As London sets about redesigning its wayfinding ahead of the 2012 Olympics, how could street signage in your home town be improved to help travel on foot and encourage exploration?

I’m pretty new to Edinburgh and from what I can remember from my walks around the city, the signage is pretty good. But the most important thing about encouraging exploration on foot is creating interest along the walk. That’s much more memorable than being told what’s around the corner.

Simon Farrell, Managing director, Tayburn (pictured)

Nottingham is cluttered with boring signage. Most of it is for traffic or not essential, and it can all be rationalised to far fewer elements. What is needed is a clear hierarchy of messages, perhaps some colour-coding. And give people some inspiring ideas and reasons to explore.

Mark Shaw, Managing director, Jupiter Design

My confusion on my arrival in my adopted city of Manchester was compounded when I was trying to find the gay quarter, don’t ask me why. Wags had helpfully daubed out the initial letters and hinted at the potential pleasures available up Canal Street. Thanks, boys.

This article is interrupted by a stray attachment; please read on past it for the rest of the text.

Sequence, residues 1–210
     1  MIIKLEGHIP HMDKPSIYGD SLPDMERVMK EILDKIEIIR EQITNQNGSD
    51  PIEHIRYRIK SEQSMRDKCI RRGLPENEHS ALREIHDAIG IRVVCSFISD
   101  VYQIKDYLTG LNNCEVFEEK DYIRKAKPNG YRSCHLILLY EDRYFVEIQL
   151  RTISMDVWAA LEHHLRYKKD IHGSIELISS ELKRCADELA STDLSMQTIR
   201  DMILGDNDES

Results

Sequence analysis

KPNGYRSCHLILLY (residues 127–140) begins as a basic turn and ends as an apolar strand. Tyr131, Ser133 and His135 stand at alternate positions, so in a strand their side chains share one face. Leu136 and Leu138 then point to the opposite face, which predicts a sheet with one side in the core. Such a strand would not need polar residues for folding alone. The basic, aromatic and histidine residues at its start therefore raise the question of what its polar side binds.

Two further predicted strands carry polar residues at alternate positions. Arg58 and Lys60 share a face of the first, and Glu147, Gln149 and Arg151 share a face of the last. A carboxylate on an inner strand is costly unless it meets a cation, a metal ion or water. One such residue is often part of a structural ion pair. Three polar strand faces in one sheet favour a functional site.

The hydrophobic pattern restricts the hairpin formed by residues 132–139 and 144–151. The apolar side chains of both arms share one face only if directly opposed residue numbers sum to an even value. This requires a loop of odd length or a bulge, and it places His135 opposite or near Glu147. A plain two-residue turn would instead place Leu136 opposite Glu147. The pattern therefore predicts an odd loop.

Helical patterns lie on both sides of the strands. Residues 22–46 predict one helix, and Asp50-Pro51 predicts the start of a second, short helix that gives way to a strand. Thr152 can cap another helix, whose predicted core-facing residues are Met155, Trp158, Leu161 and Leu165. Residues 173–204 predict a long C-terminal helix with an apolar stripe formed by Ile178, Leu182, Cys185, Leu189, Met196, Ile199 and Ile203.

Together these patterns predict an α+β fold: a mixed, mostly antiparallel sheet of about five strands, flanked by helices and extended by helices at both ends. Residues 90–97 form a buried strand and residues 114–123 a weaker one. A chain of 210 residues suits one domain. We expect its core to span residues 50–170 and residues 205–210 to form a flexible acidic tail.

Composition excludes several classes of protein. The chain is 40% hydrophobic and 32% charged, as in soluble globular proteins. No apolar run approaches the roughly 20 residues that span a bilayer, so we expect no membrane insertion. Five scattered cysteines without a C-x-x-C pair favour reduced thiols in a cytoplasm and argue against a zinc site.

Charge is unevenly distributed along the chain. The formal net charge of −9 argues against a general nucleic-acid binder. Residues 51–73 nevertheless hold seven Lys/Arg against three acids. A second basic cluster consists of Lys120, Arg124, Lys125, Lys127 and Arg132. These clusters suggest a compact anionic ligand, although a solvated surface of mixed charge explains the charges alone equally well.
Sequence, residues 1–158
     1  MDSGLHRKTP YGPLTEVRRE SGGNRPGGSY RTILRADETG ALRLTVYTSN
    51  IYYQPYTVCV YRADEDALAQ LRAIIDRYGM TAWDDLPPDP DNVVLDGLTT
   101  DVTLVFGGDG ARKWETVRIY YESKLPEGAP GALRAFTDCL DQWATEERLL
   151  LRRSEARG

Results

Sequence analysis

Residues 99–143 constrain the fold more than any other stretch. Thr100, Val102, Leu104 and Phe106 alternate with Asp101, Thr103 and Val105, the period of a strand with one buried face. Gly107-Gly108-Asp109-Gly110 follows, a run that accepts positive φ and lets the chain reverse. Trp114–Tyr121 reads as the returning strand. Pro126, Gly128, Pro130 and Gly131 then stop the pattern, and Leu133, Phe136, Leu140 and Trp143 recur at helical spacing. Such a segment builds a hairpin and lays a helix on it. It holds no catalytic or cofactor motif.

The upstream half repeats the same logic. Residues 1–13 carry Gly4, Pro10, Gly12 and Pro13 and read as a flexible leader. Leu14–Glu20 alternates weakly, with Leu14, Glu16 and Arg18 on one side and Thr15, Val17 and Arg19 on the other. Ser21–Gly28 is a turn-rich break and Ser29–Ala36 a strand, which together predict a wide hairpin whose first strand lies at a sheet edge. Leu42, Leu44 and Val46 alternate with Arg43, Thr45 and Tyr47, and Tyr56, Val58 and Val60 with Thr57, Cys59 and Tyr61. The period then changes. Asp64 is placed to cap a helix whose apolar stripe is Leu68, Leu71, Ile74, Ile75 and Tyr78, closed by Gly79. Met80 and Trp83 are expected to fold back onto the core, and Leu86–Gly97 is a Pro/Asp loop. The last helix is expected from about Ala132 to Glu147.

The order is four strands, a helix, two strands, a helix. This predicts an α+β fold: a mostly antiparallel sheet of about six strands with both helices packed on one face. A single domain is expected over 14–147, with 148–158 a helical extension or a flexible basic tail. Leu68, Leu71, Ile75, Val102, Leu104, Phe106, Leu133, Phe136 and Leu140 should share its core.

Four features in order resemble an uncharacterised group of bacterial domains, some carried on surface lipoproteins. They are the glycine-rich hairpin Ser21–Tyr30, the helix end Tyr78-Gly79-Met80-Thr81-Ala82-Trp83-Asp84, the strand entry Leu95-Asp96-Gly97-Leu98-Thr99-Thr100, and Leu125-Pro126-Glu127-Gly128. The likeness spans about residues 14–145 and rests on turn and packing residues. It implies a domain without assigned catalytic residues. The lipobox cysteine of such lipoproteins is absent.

Alan Herron, Joint creative director, True North

Street signage is incredibly important to any city. It physically embodies how the city welcomes the visitor and speaks volumes about how seriously the city council takes this responsibility. In Leeds we scrapped the original Victorian signs in favour of cheap vinyl on aluminium – read into that what you will. As our city continues to grow and the number of people visiting and living in the city increases, we should look to the Continent: cities like Barcelona have wayfinding systems that are supremely functional and fit brilliantly with the city.

Ian Thompson, Creative director, Thompson

Glasgow needs a wayfinding system that is actually visible on the street. It’s currently so recessive that it’s effectively invisible. Going forward it’s time to inspire, entertain and inform. In six years’ time, handhelds will be covering all sorts of stuff, and clearly some form of active GPRS/Google Earth setup is going to allow us to join up all sorts of places and activities in whatever form ticks your box. I’m thinking urban extreme orienteering finishing in Easterhouse.

Stuart Gilmour, Creative director, Stand Design (pictured)

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